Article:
There are often hidden electrical risks on building sites
People working in construction have been involved in the highest number of cable damage incidents in London, the South East and East of England during the past year. 
Prioritising electrical safety in the sector could significantly reduce the risks of injury and save the time and cost of delays when electrical cabling and equipment is damaged. 
In 2021 builders were involved in 23% of incidents where members of the public came into contact with electricity cables, which is more than any other trade.  
Planning for ground work should include obtaining cable plans in advance and, wherever possible, avoiding working close to live cables. 
This applies not only to large construction companies but also to private builders undertaking small house builds or extension work, laying driveways or digging excavations for foundations, for example. 
The use of diggers, lifting equipment, ladders, pneumatic drills and hand power tools or even simple spades can all be cause for concern as contact with electricity can lead to serious burns or be fatal. The risks include overhead lines and electricity substations as well as underground cables. 
Electricity network companies can provide advice about safe working in advance and regularly liaise with professional and industry groups to improve electrical safety.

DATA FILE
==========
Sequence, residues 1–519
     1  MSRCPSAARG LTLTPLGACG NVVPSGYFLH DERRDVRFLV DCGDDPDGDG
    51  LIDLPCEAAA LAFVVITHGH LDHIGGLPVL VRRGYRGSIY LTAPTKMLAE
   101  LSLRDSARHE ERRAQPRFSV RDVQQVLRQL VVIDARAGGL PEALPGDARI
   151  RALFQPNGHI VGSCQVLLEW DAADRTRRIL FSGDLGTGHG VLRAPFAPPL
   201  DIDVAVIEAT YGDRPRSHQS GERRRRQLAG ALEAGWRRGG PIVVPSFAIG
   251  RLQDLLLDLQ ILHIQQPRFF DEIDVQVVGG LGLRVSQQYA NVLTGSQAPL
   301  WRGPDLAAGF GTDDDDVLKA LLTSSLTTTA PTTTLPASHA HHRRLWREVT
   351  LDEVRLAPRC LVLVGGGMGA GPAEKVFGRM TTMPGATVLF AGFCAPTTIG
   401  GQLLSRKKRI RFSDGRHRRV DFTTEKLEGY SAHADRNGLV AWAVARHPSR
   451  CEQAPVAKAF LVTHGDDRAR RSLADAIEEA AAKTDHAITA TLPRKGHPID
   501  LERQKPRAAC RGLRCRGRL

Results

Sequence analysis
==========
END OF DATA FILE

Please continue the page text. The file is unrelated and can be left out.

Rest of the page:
The Federation of Master Builders emphasises that building sites are generally dangerous so health and safety procedures must be properly followed. 
Key advice for builders includes: 
asking for advice from network providers about issues such as disconnecting power supplies and shrouding overhead lines 
assuming all cables are live and allowing time to obtain plans which might be for overhead or underground cables 
marking underground cables clearly and confirming locations with a Cable Avoidance Tool (CAT) before excavating and digging trial holes if necessary 
making sure everyone on site is aware of cable plans before starting work 
always looking up to check overhead lines and working away from them when handling long items such as scaffold poles, or when using lifting and digging equipment 
checking where service cables enter buildings 
always confirming that the power supply is disconnected before starting any demolition work. 
Please get in touch if you are planning electrical work as part of your building project. 
Share this post:
Our site uses cookies. For more information, see our cookie policy. Accept cookies and close
Reject cookies Manage settings